Dear B2B CEO,
You've raised your seed round; clients are pouring in, and as revenue grows — retention slowly becomes an issue. In today’s hyper-competitive tech scene, great client acquisition just doesn't cut it any more. As you run towards your A and B rounds, you come across this new, terrifying metric that you have to measure and optimize: Churn rate. That awful, dreadful number signifying the number of users who tried your product and decided they can do better. That you can do better.
Churn rate is the wrong question
“How do I reduce the churn rate?” is a hard question to answer and it’s the wrong one to ask. The right one is: “How do I keep my customers happy”. It’s painfully obvious, isn’t it? happy customers stay. Unhappy customers leave. Recognizing who’s happy and who’s not, and on time, is that one thing that differentiates high churn rate from low one. And the biggest, ugliest problem you’ll face when trying to make that differentiation, is that like in sales — software can get you the leads; It can provide you with the info; But you’ll need stellar reps to turn that data into action. As always, It’s a combination of technology, analytics, and communications that will save you from the retention-volcano.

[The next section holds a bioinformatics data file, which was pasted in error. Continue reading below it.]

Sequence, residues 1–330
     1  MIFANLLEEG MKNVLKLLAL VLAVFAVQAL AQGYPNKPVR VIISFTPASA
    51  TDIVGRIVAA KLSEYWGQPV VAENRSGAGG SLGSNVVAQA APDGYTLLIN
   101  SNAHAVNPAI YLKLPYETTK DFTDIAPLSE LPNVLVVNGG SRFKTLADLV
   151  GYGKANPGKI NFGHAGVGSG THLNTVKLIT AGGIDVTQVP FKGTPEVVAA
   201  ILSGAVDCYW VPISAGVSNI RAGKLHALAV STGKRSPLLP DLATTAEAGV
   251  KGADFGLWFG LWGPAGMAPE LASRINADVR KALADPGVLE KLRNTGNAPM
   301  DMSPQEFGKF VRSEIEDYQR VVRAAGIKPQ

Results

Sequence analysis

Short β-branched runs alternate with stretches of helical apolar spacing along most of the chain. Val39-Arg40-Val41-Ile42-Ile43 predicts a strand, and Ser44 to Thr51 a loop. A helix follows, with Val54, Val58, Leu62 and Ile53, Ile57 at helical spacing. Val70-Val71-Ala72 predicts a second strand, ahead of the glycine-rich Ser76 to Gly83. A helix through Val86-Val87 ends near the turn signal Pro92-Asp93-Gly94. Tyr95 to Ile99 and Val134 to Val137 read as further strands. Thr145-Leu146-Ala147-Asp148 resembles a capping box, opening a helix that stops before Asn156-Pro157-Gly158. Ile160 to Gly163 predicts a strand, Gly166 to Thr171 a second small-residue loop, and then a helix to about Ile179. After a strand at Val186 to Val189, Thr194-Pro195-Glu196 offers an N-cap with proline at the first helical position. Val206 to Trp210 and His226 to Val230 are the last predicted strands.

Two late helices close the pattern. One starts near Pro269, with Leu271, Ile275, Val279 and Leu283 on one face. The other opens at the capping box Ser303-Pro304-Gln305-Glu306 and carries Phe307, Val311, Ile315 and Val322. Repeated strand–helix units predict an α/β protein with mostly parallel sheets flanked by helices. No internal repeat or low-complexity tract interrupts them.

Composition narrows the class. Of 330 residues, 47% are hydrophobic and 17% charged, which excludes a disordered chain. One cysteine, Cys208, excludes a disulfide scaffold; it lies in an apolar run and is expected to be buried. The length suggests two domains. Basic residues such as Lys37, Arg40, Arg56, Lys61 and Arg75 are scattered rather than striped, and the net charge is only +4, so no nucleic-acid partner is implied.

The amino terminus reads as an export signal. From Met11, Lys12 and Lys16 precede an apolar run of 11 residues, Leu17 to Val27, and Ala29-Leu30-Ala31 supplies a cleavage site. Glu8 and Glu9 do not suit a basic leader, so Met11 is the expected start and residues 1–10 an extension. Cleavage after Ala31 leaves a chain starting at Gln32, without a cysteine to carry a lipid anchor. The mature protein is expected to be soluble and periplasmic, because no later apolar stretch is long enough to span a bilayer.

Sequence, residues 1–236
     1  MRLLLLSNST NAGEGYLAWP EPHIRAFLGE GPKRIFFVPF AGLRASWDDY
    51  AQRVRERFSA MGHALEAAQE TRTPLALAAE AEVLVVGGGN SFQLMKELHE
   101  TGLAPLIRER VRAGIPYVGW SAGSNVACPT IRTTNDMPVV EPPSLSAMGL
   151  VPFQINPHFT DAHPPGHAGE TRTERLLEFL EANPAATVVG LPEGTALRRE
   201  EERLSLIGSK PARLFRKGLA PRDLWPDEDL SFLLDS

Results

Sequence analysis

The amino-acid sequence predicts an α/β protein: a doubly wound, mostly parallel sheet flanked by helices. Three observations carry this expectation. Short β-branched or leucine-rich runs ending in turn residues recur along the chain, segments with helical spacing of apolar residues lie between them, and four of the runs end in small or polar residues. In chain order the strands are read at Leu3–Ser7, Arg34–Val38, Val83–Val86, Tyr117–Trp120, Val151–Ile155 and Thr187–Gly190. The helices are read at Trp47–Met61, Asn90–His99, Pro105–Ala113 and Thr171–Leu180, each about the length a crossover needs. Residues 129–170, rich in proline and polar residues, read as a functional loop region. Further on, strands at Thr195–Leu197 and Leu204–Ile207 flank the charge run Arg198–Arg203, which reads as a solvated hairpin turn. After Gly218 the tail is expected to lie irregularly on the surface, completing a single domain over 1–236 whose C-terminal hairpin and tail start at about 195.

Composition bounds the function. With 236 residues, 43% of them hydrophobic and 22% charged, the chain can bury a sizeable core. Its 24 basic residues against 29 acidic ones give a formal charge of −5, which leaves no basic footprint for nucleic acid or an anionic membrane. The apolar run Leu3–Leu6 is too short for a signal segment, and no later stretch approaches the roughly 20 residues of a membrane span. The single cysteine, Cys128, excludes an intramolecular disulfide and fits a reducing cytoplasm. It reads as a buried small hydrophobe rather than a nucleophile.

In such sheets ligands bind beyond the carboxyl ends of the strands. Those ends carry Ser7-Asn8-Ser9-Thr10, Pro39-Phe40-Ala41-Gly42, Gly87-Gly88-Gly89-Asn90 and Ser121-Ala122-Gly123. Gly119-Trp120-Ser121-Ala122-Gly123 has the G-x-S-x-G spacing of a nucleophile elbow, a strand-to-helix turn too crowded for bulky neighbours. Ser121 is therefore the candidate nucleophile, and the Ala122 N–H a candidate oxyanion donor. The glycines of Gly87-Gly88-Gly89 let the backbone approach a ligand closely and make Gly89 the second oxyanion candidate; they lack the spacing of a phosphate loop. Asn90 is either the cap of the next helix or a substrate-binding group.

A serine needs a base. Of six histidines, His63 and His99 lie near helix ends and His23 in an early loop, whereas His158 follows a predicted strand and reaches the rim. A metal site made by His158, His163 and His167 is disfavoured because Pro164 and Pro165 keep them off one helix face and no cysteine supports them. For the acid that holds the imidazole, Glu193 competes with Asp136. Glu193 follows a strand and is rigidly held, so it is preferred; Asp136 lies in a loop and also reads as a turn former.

And there’s one obvious conclusion that pops up every time you make time for this problem:
YOU NEED TO HIRE ANOTHER ENGINEER. I know, I know. Recruiting Engineers is hard.
With growing competition from companies like Apple and Google, It comes as no surprise that some CEOs feel relieved as they turn to recruiting employees for what they recognize as non-technical positions, such as Community Managers, HR, Sales or Customer Success.
And that would be where they’re wrong, because there’s no way around it: If technology is a vital part of your core value proposition, you’ll need technological people to man the key positions. You’ll need Engineers.
Customer Success is called that because that’s what it’s about: the customer’s success. To your customer, ‘Success’ usually means that your product is working properly and providing the value proposition that has been originally promised upon purchase.
Now, if you've been in this business for a while, here’s something I'm sure you know by now: Nothing EVER works as planned. Even if you have the best, brightest and most diligent R&D group, sooner or later your clients would feel the gap between what they expect and what they actually get.
Add to that the sometimes complex work of Solutions Architecture in order to tailor the product to the client’s needs, the everyday problem solving, the expertise needed in order to observe between defects and misuse of the product and the collection and classification of feature requests, and you get a challenging position which requires — you guessed it — an Engineer.